In my view: The project should be recognized to start when Executive management assigns resources to prepare a Business Case and certainly no later than when Executive management approves the Business Case. The Business Case is the document that properly justifies and gives initial direction to the project in the first place. Certainly, if you don't do this already, this will make it look like your projects are taking a lot longer. But then, I believe in a strong dose of reality!

Why the Start Date is Important

To a certain extent, you might think that it doesn't really matter when the project starts. Having a somewhat undefined start date does not take away from the fact that the work is a project. It's obvious that the project started at some point, since there was a point when the work was not in progress and a point where the work was in progress. So, at some point the project did in fact start.

The reason it is important to know the start date is that there may be consequences and incentives based on how long it takes to complete a project. The following are examples of these consequences.

Project team accountability: It is hard to hold people accountable for things that are not within their control. For that reason, it makes sense that a project manager is held accountable for the project no earlier than when they are assigned. If the project clock starts before they are assigned it is possible that some decisions were made and some resources expended before he or she was assigned, and therefore he or she does not have total control. Likewise, if team members are held accountable for completing a project within budget and on schedule, it is hard to hold them accountable for work and decisions that take place before they are assigned. For that reason, perhaps the project should officially start when the project manager is assigned, while team members are accountable for what happens after the Project Definition and work plan are approved, or after the project kickoff meeting is held.

Process improvement: Many companies keep track of the total duration of projects and attempt to shorten the average project duration over time. It is important that everyone within the company use a common starting and ending point. Otherwise the project duration statistics will not be meaningful.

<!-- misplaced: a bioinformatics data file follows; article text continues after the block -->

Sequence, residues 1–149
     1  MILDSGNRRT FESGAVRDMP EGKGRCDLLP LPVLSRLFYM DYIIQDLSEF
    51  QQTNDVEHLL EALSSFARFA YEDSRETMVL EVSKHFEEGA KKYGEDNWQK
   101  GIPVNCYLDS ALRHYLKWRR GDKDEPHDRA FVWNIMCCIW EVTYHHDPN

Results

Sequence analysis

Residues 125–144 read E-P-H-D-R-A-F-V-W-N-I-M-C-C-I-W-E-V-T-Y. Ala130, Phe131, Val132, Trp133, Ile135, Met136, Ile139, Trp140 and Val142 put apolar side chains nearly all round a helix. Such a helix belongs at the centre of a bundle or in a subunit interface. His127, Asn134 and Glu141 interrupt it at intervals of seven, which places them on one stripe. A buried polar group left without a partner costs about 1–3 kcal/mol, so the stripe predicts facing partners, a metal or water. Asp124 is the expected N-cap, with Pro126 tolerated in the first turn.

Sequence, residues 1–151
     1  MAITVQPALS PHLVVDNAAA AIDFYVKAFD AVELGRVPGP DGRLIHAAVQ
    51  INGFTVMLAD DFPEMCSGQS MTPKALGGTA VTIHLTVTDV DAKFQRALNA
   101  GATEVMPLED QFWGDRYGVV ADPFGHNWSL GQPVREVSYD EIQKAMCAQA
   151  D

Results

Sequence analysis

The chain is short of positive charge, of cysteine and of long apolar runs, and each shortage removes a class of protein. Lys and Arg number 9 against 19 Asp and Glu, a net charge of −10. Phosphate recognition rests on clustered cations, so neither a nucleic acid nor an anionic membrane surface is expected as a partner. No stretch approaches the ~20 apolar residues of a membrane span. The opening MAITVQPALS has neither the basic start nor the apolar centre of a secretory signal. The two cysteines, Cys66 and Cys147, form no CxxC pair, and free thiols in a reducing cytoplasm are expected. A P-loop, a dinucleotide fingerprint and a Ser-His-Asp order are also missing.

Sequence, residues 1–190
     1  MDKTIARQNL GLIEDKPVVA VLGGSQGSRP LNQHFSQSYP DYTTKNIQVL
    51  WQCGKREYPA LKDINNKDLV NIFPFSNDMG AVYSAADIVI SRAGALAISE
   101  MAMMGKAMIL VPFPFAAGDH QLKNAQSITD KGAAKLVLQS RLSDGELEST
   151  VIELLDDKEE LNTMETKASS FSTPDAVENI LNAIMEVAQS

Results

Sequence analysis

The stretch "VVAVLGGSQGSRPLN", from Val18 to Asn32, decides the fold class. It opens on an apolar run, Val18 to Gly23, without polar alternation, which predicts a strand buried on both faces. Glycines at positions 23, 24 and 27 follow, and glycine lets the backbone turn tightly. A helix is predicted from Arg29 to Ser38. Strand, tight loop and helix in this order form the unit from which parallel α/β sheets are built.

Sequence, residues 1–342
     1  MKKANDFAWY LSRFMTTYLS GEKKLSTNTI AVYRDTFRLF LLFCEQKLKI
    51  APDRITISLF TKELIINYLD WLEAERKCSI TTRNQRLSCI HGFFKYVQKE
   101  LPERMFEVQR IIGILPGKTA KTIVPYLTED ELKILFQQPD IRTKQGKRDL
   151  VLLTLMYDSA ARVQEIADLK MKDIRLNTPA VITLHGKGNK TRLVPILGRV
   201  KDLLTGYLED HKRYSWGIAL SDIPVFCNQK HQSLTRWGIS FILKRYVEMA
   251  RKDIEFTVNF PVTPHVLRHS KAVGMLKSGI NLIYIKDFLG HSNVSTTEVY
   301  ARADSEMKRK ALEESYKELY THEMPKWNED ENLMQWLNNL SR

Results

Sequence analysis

Financial or accounting purposes: Many projects have capital expenditures from an accounting standpoint (versus expense accounting). Precisely defining when a project starts has consequences in terms of the work that can be capitalized and the work that needs to be expensed.

Comparisons with other companies: If you compare how long it takes your organization to deliver projects versus other organizations or other companies, you want to make sure you have a common definition of start and end-dates. If your company considers a project to start when a project manager is assigned and other companies start the clock at the kickoff meeting, it will appear that your company takes longer to deliver projects.

In my view: By taking the project start date from the time work on the Business Case is started, then the total duration includes:

  • How long it is taking to prepare Business Cases.
  • How long it is taking Executive management to make go/no go decisions and assign resources. This is important because long delays here often mean that conditions have changed by the time the project gets into the hands of the project manager.
  • As well as how long it takes to plan and execute the project work.

In short, the organization's entire span of its investment in project work.

1. Mochal, T., Project Management Tips, TenStep Inc. Weekly Email, October 11, 2006. TenStep is the home of the TenStep suite of methodologies for managing IT projects. For details, see